Not surprisingly, those less active in the research of anticipation either confuse anticipation and prediction (or forecast, expectation, guessing) or come with typologies (such as teleological, instinctual, unconscious, etc.) that easily reveal a way of thinking grounded in reductionism. Anticipation is always teleologically driven; it integrates all that makes up the living, according to its specific condition. The phototropic behavior of the monocell is quite different from the anticipation expressed in the behavior of plants or animals. The conscious and unconscious (or subconscious) associated with the human being is integrated with a large number of other characteristics. A great deal of anticipatory characteristics is autonomic in nature (e.g., the baroreflex responsible for maintaining constant blood pressure regardless of the body’s position). [For more details, see Nadin (2003a).]
6 Synthetic life: is it capable of aesthetic expression and ethical performance?
Aesthetic and ethical expression, as anticipatory expression, i.e., realization in the large domain of the possible, are among the many factors underlying evolution. Indeed, as Darwin suggested (cf. On the Origin of Species by Means of Natural Selection, 1859), ‘‘It is not the strongest of the species that survive, nor the most intelligent, but the ones most responsive to change.’’ Adaptive performance is essential. Such performance is not the result of reactive behavior, but rather of anticipation against the background of reaction.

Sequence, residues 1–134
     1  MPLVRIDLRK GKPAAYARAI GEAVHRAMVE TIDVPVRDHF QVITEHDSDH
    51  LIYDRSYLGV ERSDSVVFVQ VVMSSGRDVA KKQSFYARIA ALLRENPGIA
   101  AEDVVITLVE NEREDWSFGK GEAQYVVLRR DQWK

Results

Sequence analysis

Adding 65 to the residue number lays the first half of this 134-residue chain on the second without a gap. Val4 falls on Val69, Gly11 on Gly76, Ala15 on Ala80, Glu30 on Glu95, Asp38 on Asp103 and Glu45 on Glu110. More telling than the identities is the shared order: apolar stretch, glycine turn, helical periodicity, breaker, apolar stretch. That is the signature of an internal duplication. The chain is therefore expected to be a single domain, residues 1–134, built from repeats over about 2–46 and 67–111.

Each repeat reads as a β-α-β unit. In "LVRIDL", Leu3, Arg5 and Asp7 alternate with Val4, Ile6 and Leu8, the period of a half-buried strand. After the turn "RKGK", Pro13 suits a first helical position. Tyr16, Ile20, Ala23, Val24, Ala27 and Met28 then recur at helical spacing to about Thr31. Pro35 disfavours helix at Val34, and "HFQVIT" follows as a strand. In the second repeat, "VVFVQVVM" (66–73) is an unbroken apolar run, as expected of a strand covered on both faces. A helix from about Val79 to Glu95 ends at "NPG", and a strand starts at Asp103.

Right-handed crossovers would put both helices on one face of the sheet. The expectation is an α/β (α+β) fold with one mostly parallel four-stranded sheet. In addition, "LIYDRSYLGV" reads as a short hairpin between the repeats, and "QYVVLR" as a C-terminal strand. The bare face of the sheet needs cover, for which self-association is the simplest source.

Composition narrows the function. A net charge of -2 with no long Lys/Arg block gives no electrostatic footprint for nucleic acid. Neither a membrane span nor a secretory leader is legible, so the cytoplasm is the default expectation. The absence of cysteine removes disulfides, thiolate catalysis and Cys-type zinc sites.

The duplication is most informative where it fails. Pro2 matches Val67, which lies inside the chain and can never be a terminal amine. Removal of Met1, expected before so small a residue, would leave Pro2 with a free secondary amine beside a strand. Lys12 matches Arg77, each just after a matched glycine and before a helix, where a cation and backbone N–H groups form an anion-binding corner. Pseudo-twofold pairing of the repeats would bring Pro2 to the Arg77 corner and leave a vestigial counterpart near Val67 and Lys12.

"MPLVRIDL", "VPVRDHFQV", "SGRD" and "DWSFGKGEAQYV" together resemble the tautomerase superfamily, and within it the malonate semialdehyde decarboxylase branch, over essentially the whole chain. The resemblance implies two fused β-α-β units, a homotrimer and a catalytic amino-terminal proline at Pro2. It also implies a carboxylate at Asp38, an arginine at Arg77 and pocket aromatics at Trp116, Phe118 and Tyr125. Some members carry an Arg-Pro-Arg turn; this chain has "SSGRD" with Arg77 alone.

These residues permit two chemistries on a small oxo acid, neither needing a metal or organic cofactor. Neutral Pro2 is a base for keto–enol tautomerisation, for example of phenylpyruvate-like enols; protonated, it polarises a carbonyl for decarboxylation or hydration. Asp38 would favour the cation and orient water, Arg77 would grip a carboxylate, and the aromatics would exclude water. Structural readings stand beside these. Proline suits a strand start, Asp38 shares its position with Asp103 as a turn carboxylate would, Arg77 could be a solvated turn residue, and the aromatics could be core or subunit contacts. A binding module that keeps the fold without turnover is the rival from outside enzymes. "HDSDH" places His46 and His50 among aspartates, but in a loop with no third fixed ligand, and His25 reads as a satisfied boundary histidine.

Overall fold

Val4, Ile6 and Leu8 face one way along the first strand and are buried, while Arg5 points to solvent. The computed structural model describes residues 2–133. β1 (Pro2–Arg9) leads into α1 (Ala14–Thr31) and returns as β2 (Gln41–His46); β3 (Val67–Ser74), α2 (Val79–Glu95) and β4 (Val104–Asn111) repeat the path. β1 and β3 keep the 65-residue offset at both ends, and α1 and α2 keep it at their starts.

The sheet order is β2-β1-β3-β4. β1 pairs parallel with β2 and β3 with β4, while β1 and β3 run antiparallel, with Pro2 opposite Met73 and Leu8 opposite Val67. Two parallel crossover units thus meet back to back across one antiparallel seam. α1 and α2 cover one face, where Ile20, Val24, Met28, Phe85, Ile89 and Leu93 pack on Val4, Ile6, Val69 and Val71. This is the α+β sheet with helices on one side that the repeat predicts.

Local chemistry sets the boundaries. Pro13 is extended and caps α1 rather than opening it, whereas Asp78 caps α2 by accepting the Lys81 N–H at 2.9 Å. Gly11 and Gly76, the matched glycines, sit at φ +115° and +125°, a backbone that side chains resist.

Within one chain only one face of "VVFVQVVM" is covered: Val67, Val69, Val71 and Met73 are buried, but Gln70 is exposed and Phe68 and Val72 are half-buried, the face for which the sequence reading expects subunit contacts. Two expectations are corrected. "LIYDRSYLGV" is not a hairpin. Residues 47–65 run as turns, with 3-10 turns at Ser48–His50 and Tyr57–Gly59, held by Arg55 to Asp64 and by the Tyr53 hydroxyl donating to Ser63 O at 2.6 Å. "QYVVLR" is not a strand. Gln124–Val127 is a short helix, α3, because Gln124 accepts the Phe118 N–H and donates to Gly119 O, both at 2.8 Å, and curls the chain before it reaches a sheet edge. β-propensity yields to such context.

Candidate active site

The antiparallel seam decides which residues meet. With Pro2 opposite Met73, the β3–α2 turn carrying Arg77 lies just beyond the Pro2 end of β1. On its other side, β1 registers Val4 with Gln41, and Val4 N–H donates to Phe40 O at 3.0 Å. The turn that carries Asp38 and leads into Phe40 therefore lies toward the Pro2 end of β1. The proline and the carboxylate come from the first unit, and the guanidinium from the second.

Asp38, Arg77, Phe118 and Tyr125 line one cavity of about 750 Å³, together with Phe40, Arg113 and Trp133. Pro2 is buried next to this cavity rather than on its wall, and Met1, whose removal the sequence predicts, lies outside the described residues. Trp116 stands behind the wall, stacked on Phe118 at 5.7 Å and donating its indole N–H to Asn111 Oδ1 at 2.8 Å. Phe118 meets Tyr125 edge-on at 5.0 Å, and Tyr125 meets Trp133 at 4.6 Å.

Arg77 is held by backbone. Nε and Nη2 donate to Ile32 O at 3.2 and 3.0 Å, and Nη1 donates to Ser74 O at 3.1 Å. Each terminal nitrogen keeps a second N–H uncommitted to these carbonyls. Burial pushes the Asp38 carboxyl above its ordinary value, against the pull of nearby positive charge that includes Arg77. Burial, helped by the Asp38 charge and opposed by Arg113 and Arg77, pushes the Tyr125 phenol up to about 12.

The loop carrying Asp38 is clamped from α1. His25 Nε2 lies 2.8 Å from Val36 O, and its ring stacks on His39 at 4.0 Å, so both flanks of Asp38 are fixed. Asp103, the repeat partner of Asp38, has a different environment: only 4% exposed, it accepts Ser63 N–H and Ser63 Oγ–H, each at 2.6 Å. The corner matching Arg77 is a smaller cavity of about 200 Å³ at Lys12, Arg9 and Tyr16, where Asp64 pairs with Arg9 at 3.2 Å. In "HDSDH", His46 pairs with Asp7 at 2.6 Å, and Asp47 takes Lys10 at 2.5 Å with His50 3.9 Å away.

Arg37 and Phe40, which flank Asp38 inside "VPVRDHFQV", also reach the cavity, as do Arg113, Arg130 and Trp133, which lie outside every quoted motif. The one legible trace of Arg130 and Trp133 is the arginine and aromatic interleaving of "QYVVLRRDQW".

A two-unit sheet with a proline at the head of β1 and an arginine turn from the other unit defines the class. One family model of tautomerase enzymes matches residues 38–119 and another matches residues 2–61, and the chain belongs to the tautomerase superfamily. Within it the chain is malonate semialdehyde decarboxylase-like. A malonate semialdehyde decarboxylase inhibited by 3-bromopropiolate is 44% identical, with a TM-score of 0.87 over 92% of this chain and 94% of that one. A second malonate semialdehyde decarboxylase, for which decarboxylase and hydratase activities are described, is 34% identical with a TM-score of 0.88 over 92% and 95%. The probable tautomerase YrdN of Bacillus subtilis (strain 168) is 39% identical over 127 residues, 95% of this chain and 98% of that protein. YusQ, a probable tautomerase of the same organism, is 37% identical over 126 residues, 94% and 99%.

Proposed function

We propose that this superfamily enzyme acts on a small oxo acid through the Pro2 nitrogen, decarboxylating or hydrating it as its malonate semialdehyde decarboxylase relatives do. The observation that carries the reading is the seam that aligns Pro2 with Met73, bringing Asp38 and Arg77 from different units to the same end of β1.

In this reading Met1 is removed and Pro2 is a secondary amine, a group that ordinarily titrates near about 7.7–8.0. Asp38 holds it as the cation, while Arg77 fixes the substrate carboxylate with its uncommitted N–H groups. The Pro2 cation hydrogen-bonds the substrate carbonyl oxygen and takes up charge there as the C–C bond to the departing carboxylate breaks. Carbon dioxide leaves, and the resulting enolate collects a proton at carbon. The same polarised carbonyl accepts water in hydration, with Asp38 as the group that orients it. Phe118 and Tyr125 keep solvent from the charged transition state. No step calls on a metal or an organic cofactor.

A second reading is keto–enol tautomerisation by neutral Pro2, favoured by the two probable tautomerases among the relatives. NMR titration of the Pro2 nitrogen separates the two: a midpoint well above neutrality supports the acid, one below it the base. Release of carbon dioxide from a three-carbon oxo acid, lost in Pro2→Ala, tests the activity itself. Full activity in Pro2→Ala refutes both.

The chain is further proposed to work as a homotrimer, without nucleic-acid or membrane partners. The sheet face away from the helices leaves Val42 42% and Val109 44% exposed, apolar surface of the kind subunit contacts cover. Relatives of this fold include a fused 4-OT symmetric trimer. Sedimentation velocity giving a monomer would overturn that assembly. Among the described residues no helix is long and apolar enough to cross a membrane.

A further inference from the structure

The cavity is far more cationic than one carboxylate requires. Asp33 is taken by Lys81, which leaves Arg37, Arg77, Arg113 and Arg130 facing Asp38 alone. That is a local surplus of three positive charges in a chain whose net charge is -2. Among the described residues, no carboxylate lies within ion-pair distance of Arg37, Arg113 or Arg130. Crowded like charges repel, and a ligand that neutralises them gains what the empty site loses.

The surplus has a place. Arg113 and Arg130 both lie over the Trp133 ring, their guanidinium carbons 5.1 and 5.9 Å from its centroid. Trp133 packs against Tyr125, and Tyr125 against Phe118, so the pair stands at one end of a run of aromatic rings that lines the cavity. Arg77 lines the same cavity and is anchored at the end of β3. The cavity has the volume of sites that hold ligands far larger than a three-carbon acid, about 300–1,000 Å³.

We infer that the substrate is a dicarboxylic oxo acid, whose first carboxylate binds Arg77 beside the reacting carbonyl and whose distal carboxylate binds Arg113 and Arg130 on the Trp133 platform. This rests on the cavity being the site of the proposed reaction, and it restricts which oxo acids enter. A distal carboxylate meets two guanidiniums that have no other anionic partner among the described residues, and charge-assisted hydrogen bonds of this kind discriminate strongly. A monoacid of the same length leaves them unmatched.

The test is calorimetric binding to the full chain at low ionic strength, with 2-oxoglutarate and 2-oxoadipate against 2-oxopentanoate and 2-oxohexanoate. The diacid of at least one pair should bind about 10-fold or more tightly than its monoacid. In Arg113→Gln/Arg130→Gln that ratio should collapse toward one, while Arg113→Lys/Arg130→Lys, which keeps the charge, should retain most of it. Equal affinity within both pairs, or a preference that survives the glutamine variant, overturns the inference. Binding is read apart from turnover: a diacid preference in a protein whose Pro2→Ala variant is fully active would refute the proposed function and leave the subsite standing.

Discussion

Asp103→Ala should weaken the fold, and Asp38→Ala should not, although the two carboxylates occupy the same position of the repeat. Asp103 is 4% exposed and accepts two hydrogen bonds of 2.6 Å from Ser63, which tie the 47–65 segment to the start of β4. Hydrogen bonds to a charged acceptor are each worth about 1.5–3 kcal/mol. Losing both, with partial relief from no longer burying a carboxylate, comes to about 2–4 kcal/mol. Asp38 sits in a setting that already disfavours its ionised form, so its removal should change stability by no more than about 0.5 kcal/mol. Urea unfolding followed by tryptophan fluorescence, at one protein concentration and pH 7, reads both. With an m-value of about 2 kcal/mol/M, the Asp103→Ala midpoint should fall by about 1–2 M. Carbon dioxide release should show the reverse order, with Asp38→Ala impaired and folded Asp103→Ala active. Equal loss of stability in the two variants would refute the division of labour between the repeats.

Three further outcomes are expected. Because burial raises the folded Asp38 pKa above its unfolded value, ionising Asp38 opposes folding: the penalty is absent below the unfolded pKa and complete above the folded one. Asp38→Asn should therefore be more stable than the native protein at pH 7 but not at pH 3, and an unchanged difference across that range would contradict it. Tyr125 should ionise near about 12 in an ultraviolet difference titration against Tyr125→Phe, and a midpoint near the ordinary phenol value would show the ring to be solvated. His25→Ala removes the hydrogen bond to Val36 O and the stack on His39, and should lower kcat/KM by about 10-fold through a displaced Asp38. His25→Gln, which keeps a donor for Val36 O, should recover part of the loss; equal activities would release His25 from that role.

Given the fact that all that exists changes, should we set evolution, or at least evolution-like behavior, as a goal for the artificial? As a matter of fact, technologies with adaptive characteristics, inspired by the combination of the living, are conceived, produced, tested, and deployed for quite a large array of applications. In particular, adaptive features are integrated in products for people with physical disabilities (limitations to vision, hearing, mobility, etc.). They offer capabilities of interaction adapting to a person’s particular needs and possibilities. Recently, adaptive interfaces were developed on the premise that a user model based on patterns of user behavior can guide the selection of features. Such technologies reflect the understanding of the need to transcend the here-and-now mechanisms, the ‘‘trivial machine’’ behavior, ill-suited to function over a longer time, i.e., within a world of many changing variables. To reach life-like performance over discrete intervals is possible even within the limitation of Cartesian reductionism and determinism. Typical interfaces, such as those available within the desktop metaphor, perform in such a manner. That such life-like performance does not translate into autonomic aesthetic performance similar to that of the living (in particular, the human being) is the result of the fact that only at the level of evolution per se, not within a pseudo-evolutionary mechanism, does the need for aesthetic performance emerge. Indeed, the aesthetic dimension of the living is consubstantial with living. It is not mere cosmetics, i.e., not an added layer irrelevant or only marginally relevant to the living. Rather, it partakes in the dynamics of the living. The entire issue of the continuum of living, i.e., from conception to birth to maturity and death (return to the physical condition) is one of autonomous anticipation, expressed in particular as aesthetic anticipation.